In addition, Royal Caribbean, Carnival, and Norwegian all operate with a fully-vaccinated crew and have procedures designed to handle when passengers or crew members show Covid symptoms during a sailing.

When Will Cruise Lines Drop Vaccine and Testing Requirements?

Many passengers and future passengers want to know how long these protocols will be in place. 

Some people who are not vaccinated want to return to cruising, while others who are vaccinated simply don't want the added hassle of proving it.

The cruise lines, of course, must balance people wanting a return to normal with other passengers who like sailing with fully-vaccinated passengers who have also recently tested negative.

Currently, Carnival, Royal Caribbean, and Norwegian all participate in a voluntary safe sailing program led by the CDC which sets testing and vaccination standards.

It's possible the CDC changes these requirements, but probably not any time soon, according to former Food and Drug Administration chief Scott Gottlieb, a physician who serves as chairman of Norwegian Cruise Line Holdings’ SailSafe Council.

 “I think that it’s likely to be a requirement that is in place through this fall and winter,” Gottlieb said. 

“I’m talking more about CDC and the policy environment. I think that the public health officials, CDC, is going to want to see what the epidemiology of this disease is when it gets to a quote, unquote, ‘normal’ state."

Gottlieb said he does not expect the CDC to make any changes until it sees a period of time where no new variants flare up. 

He said he thinks the federal agency will wait until 2023 and not even first thing next year.

“The short answer to the question is: I think this is kind of a springtime thing from a CDC policy standpoint," he said. 

"They are going to want to make a decision around this after we get through another fall and winter with covid and see if we are truly in an endemic phase with this.”

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Spread & Containment

Swiss Watch Shortage Spreads From Rolex To Cartier And Tudor

Swiss Watch Shortage Spreads From Rolex To Cartier And Tudor

A top retailer of Swiss luxury watches warns robust demand and the lack of supply…

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Swiss Watch Shortage Spreads From Rolex To Cartier And Tudor

A top retailer of Swiss luxury watches warns robust demand and the lack of supply have sparked a perfect storm of global Rolex shortages that has spread to other leading brands, including Cartier and Tudor. 

CEO Hugh Brian Duffy of Watches of Switzerland Group Plc, with a network of 171 retail stores between the UK and the US, told Bloomberg on Thursday morning that sales of Rolex, Patek Philippe, and Audemars Piguet had only "modest" increases in the retailer's 2022 fiscal year, primarily because of limited supply. He said this drove demand for other high-end brands.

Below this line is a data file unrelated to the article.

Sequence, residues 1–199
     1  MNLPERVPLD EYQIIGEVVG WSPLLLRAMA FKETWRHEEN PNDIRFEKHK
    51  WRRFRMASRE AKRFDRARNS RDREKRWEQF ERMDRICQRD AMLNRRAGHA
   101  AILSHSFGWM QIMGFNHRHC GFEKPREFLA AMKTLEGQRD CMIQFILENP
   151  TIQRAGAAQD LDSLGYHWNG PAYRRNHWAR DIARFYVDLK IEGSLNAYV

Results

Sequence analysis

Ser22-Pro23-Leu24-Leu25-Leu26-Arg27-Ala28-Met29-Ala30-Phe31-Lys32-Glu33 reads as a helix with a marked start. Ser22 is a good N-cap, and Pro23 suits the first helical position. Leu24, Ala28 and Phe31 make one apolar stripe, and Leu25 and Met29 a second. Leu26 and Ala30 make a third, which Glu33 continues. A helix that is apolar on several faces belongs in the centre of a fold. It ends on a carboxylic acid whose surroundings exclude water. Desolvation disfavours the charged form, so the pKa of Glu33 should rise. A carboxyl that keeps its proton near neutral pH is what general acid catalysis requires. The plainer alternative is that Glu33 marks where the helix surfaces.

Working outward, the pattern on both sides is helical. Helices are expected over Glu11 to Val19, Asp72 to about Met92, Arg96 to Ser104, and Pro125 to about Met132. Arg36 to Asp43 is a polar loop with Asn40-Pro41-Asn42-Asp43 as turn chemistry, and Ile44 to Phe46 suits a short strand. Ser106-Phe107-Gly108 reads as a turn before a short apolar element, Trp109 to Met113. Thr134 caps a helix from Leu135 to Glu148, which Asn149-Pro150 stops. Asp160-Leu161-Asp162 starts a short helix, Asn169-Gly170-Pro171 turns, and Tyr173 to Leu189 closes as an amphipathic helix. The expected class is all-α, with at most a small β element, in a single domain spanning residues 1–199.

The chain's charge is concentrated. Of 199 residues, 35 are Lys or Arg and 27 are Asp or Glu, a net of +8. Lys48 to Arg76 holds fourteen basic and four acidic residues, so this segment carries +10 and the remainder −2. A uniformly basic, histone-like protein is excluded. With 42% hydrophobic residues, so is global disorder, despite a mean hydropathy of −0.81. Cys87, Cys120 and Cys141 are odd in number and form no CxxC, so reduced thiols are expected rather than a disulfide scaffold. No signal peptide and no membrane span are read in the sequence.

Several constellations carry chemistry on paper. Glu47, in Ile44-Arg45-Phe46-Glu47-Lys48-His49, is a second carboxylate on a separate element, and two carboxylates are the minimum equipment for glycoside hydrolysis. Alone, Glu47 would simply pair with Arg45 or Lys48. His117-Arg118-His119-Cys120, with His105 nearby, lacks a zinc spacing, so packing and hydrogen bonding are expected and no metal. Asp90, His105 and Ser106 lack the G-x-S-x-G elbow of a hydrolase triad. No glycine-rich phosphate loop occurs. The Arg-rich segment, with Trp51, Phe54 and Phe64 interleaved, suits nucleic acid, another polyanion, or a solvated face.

"We more than doubled our increases with them," Duffy said, citing Rolex sister brand Tudor, independent Breitling, LVMH's Tag Heuer, Swatch Group's Omega, and Richemont's Cartier. 

He said the Rolex shortage had increased so much demand for certain Cartier and Tudor models, that now those are experiencing supply issues. 

"We can't get enough Santos," he said, referring to the Cartier aviator watch, adding Tudor's chronograph models are in short supply.

Sales of Swiss watches went through the roof during the pandemic as classic high-end timepieces were in high demand as central banks worldwide pumped trillions of dollars into the financial system. Hot money had to end up somewhere, and some wound up in Rolexes and other luxury Swiss brands. 

Duffy concluded the interview by saying retail demand for Rolex, Patek Philippe, and Audemars Piguet watches outweighs supply: "Demand is just off the scale for those brands. We would love to have more of them." 

And when does this Swiss watch bubble end? Will it be when central banks spark the next global recession from aggressive monetary tightening? 

Tyler Durden Sat, 05/21/2022 - 08:45

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Spread & Containment

Let Them Eat Bugs… How Out-Of-Touch Elites Reveal Their Contempt, & What Comes Next

Let Them Eat Bugs… How Out-Of-Touch Elites Reveal Their Contempt, & What Comes Next

Authored by Nick Giambruno via InternationalMan.com,

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Let Them Eat Bugs... How Out-Of-Touch Elites Reveal Their Contempt, & What Comes Next

Authored by Nick Giambruno via InternationalMan.com,

Upon being told that the people had no bread, Marie Antoinette reportedly responded, “let them eat cake.”

These infamous words were a stark illustration of the French elite’s careless indifference to the plight of ordinary people. Moreover, they likely fueled the anger that sparked a revolution that overturned the French ruling system.

Had Marie Antoinette not been so out of touch, she might have had a better choice of words.

Although history doesn’t repeat itself, it does rhyme.

I am bringing this up because recently, modern political, financial, and media elites have made numerous “let them eat cake” remarks.

They similarly reveal how oblivious they are to the average person’s problems as inflation spirals out of control, shortages spread, the stock market crashes, and economic prospects look dimmer by the day.